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Computer Engineering

About Us

Mission Statement

The Computer Engineering Program is a joint program between the Department of Computer Science and the Department of Electrical Engineering. The Computer Engineering program prepares students to pursue advanced study or to enter the dynamic and interdisciplinary field that continues to experience rapid growth and impacts many aspects of human endeavor. The program is designed to provide students with a balanced perspective of hardware and software, and the analysis, design, and implementation techniques for integrated computer systems. The program has a common core of courses from computer science and electrical engineering, and advanced elective courses to provide the student with the opportunity to support individual interests and provide further depth and breadth to their degree.
In order to provide an awareness of current and emerging industrial practice, the departments will encourage students to participate in professional student organizations, internships or coop experiences, and scholarly activities including supervised research.
Faculty will be readily accessible, will continuously strive to improve and design an up-to-date curriculum, and share their enthusiasm for enhancing their knowledge and research in the computer engineering field.

 

Educational Objectives

Graduates will:

  • Have the necessary breadth and depth to be productive in the practice of computer engineering or to pursue advanced education in computer engineering.
  • Have the skills to be life-long learners, enabling them to adapt to the rapidly changing nature of the computer engineering field.
  • Have an awareness of the technical, business, social, ethical, and human context of their engineering contributions.

Educational Outcomes

Students graduating from the computer engineering program should demonstrate:


(A) a knowledge of mathematics and basic sciences necessary for the analysis and design of computer software, hardware and
systems;
(B) an understanding of the principles of computer programming, software engineering, algorithms, data structures, computer
organization and architecture, operating systems, and computer networking;
(C) an understanding of the principles of microprocessor systems, digital electronics, electrical circuits, electronics, and embedded
systems, and an understanding of the applications of computer engineering principles;
(D) an ability to use analysis and design tools to produce integrated systems containing hardware and software;
(E) a depth and breadth of knowledge that goes beyond the basic skills expected of all computer engineering students with further
specialization in either the software track or the hardware track;
(F) an ability to apply these principles and practices to a variety of computer engineering problems;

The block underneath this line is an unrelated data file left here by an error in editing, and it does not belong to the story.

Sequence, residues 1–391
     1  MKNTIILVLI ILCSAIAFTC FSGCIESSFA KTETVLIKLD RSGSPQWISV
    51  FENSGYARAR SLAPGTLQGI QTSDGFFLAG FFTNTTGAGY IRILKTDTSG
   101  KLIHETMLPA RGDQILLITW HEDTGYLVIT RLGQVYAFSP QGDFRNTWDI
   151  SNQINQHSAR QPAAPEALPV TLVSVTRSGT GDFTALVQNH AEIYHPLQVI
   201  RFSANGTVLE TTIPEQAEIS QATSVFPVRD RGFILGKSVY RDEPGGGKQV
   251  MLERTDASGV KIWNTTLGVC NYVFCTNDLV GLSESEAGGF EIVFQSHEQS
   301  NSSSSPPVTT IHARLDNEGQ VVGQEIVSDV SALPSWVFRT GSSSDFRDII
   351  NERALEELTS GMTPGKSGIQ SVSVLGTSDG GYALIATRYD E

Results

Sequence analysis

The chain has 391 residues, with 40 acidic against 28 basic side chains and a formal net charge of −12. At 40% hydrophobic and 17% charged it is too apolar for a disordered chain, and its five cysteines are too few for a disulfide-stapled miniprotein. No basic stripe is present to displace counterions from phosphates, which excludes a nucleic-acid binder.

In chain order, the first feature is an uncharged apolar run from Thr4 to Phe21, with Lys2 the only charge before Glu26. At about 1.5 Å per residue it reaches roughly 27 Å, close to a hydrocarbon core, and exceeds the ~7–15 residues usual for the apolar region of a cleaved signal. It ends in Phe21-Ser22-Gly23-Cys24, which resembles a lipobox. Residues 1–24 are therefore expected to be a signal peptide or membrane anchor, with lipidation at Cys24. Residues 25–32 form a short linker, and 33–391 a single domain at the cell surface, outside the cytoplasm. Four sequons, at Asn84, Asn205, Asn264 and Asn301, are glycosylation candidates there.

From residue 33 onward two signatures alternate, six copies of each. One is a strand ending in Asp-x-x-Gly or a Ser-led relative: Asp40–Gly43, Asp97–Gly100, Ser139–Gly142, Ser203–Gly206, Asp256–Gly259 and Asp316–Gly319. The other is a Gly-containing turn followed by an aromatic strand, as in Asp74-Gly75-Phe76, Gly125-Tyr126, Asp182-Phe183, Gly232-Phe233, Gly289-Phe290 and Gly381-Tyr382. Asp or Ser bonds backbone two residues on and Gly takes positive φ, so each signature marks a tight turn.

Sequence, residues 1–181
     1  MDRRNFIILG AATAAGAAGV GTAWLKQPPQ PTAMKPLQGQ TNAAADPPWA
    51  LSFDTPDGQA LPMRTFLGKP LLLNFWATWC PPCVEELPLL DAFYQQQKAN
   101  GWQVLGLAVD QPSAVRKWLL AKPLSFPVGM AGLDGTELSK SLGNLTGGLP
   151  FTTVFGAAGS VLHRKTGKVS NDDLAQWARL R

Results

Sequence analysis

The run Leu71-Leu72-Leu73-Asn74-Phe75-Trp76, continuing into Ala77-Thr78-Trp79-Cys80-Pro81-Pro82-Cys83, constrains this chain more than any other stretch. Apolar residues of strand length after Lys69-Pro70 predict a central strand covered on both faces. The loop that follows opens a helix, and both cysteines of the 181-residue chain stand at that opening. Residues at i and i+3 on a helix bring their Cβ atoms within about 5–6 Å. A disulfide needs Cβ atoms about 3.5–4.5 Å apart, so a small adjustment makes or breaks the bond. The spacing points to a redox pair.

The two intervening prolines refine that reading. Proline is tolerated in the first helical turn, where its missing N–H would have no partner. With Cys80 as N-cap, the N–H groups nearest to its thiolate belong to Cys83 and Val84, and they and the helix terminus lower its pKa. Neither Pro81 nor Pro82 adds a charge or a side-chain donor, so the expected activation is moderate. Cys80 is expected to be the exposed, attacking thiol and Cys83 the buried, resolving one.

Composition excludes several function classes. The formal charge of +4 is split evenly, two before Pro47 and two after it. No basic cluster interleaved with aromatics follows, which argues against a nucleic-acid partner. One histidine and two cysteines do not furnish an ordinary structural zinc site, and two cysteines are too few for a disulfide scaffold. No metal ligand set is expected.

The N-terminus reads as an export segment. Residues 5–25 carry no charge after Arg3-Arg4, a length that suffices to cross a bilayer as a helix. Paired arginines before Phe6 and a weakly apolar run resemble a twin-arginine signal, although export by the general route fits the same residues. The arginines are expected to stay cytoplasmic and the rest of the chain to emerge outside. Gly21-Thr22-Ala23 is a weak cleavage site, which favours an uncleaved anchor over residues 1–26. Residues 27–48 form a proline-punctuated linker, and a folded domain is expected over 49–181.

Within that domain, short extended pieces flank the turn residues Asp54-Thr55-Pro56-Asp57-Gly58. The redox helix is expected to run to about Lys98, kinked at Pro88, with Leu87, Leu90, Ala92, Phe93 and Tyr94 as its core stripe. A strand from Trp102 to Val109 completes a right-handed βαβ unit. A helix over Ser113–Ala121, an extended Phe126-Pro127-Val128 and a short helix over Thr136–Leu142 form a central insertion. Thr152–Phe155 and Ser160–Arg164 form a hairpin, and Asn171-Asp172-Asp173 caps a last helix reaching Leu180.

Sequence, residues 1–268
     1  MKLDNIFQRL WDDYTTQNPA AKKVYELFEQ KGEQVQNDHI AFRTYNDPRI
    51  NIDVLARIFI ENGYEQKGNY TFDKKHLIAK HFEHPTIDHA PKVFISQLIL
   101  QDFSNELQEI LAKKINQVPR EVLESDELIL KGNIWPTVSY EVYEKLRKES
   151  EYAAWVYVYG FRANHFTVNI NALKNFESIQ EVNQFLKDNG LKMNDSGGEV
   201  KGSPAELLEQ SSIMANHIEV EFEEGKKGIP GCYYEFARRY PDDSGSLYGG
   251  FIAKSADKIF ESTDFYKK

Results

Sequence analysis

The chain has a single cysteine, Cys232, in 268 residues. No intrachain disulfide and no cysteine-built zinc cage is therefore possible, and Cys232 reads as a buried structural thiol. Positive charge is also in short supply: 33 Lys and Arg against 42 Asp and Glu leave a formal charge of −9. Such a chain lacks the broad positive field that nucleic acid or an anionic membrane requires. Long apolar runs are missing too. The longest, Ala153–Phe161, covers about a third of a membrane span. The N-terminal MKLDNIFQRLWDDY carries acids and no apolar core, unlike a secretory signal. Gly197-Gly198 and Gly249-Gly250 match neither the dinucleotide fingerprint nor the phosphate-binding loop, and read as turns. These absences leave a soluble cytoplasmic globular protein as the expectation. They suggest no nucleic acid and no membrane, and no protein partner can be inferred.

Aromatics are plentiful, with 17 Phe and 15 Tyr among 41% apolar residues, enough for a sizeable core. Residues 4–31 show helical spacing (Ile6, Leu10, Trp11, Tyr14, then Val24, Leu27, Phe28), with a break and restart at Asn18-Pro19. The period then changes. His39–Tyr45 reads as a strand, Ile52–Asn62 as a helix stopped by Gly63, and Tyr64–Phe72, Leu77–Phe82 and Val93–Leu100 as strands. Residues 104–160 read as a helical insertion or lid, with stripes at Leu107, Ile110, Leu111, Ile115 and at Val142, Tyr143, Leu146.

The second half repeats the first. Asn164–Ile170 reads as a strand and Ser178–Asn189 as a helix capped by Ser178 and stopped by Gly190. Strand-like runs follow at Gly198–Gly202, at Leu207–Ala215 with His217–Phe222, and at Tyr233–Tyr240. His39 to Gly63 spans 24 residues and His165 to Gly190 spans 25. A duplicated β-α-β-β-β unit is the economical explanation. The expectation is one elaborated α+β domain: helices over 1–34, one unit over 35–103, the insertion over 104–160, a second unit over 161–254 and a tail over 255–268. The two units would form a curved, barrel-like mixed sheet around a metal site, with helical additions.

(G) an ability to successfully complete design projects of substantial complexity;
(H) an ability to understand and learn new technological developments in the field;
(I) an ability to work effectively in teams;
(J) an ability to communicate effectively in graphical, oral, and written media;
(K) an understanding of the professional responsibility of an engineer and how engineering solutions impact safety, economics,ethics, politics, and societal and cultural issues.

More specifically, students should demonstrate:
(A1) knowledge of differential and integral calculus;
(A2) knowledge of probability and statistics;
(A3) knowledge of basic linear algebra and discrete mathematics;
(A3) an understanding of the basic topics in physics mechanics, electricity and magnetism and basic chemistry;
(A4) an ability to apply the above techniques to computer engineering problems;
(B1) familiarity with the analysis, synthesis, simulation and testing of digital and analog electronics;
(B2) an understanding of the practical limitations of digital and analog circuits, familiarity with laboratory measurement
techniques, and the ability to experimentally demonstrate digital and analog circuit performance;
(D1) familiarity with digital design tools, including an ability to analyze and synthesize digital circuits using hardware
description languages;
(D2) competency in a variety of software development environments, including Windows and Unix based;
(D3) competency in at least one high level programming language, assembly language, and basic data structures;
(D4) competency with advanced data structures and algorithms, systems programming, software engineering, operating
systems, architecture, and computer networks, VLSI and large scale hardware and software systems;
(F1) successful completion of multiple design projects that incorporate material from more than one course or technical area,
including open-ended projects that have a variety of possible solutions;
(F2) successful completion of a capstone design project that incorporates material from several areas of computer engineering
involves significant analysis and synthesis of and shows an ability to exercise engineering judgment both independently and as
part of a team.